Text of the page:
This study was supported by contracts N01-HC-75071, -75072, -75073, -75074, -75075, and -75076 from the National Heart, Lung, and Blood Institute, National Institutes of Health, Bethesda, Md, and was partially supported by Merck & Co. Lovastatin was donated by Merck & Co; warfarin and placebo were donated by Dupont Pharma; cholestyramine and placebo were donated by Bristol-Myers Squibb; modified Biotrack machines were provided by Biotrack; and aspirin was donated by Bayer.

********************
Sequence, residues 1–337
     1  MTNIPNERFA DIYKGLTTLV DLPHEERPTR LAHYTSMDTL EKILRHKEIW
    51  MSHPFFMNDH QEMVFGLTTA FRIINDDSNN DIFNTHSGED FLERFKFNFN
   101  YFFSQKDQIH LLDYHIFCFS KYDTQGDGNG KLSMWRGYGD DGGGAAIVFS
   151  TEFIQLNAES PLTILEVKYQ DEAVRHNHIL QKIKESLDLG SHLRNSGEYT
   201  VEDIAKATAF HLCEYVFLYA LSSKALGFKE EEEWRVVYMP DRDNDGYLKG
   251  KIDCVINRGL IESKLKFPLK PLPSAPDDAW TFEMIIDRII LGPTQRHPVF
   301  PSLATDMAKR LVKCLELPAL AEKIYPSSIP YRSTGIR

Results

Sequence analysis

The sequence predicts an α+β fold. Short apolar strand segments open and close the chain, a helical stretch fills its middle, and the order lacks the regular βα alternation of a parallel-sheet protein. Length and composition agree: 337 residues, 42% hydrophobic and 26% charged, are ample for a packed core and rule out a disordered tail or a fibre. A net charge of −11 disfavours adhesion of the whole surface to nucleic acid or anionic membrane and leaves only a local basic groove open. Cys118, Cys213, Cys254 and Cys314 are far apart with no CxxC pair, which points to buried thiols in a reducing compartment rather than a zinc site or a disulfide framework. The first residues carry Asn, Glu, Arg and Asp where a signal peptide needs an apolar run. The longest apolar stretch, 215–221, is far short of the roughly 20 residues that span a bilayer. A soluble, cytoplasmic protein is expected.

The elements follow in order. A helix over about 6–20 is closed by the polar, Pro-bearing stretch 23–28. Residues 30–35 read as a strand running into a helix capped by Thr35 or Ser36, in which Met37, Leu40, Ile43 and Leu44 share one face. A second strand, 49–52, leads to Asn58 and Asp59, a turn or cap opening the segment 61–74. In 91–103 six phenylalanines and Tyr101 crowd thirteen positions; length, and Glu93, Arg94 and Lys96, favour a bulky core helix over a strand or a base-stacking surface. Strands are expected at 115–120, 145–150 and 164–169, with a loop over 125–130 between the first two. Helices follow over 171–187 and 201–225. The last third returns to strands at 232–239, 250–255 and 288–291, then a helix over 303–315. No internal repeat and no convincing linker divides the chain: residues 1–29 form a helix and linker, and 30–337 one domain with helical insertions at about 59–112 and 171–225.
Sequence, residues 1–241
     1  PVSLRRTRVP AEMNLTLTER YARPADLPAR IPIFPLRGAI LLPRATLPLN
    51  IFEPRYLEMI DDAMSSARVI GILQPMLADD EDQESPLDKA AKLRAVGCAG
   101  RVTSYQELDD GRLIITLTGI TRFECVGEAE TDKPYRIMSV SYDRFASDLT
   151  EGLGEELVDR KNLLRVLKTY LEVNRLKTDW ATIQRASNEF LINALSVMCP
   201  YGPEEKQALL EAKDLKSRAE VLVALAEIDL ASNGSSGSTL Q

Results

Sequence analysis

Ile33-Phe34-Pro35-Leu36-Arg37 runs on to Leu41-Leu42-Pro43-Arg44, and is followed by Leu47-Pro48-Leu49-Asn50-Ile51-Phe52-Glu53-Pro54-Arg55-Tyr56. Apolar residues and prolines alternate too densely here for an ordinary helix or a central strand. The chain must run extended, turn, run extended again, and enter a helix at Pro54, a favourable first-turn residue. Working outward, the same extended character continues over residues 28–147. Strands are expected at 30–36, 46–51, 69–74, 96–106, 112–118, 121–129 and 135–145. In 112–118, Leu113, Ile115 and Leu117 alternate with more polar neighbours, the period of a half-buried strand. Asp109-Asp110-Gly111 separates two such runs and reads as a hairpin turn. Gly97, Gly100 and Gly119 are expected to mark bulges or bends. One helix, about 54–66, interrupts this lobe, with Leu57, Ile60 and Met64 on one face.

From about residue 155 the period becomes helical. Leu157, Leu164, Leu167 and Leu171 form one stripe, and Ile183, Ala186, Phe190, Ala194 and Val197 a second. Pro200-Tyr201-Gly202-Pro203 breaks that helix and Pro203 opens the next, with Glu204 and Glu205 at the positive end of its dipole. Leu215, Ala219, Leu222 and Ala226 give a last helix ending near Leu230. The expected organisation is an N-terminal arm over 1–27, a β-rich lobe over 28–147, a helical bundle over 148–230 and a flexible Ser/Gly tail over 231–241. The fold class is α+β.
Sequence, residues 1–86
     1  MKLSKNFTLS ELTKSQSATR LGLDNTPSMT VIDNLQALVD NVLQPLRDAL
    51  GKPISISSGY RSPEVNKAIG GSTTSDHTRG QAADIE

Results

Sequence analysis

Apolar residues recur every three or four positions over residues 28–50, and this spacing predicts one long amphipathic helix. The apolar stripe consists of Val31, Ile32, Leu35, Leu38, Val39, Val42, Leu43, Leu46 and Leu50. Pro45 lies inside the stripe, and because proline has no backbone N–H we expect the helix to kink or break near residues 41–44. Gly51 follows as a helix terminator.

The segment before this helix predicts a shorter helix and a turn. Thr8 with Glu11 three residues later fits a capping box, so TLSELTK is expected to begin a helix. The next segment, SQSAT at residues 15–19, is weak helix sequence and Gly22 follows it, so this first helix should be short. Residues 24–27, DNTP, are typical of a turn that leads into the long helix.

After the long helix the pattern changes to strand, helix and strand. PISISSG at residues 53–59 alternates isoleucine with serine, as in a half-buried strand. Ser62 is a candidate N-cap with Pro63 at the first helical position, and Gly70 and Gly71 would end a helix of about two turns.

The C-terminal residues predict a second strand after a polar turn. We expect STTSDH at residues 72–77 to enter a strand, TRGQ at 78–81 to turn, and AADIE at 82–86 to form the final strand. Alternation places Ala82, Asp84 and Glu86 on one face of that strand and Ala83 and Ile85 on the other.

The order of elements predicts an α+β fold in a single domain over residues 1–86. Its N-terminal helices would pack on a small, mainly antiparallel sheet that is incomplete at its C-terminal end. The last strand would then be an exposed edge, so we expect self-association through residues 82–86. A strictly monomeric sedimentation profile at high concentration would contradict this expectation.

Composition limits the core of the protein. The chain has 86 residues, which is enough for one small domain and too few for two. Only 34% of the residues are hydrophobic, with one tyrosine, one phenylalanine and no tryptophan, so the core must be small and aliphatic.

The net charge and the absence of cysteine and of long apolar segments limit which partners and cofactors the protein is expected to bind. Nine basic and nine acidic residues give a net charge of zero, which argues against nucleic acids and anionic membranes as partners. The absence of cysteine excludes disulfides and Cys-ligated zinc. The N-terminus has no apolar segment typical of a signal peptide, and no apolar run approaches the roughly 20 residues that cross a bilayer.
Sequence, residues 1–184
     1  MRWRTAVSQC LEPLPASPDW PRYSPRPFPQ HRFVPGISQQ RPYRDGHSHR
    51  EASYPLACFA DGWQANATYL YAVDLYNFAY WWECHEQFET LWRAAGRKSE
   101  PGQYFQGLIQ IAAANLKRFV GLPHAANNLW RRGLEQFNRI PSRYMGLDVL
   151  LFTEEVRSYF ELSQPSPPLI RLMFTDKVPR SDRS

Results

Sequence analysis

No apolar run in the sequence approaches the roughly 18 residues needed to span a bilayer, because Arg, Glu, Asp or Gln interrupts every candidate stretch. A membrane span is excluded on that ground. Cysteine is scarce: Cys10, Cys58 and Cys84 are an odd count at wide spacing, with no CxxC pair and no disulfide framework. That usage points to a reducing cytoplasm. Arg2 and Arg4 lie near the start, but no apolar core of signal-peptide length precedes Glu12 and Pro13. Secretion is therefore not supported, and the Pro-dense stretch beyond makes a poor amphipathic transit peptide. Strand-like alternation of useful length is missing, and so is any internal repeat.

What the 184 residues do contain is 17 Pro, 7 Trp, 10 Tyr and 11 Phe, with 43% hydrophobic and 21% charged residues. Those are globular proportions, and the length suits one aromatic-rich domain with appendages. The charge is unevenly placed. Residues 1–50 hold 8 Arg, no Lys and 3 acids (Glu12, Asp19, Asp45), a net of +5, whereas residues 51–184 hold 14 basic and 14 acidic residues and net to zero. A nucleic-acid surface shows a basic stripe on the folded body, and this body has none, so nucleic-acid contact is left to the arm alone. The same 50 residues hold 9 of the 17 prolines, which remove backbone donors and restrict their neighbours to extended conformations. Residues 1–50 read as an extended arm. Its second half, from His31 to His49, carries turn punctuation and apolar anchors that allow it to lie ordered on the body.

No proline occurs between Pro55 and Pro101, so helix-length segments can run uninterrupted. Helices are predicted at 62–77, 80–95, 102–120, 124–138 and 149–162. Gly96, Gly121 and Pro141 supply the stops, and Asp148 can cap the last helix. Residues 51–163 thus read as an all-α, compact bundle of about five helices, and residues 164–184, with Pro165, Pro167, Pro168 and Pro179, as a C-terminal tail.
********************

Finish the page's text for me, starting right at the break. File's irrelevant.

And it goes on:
Reprint requests to Genell L. Knatterud, PhD, Post CABG Coordinating Center, Maryland Medical Research Institute, 600 Wyndhurst Ave, Baltimore, MD 21210.
1 Investigators and centers participating in the trial are listed in a previous publication.1
Guest Editor for this article was David D. Waters, MD, San Francisco General Hospital, San Francisco, Calif.
- Received November 22, 1999.
- Revision received January 25, 2000.
- Accepted February 8, 2000.
- Copyright © 2000 by American Heart Association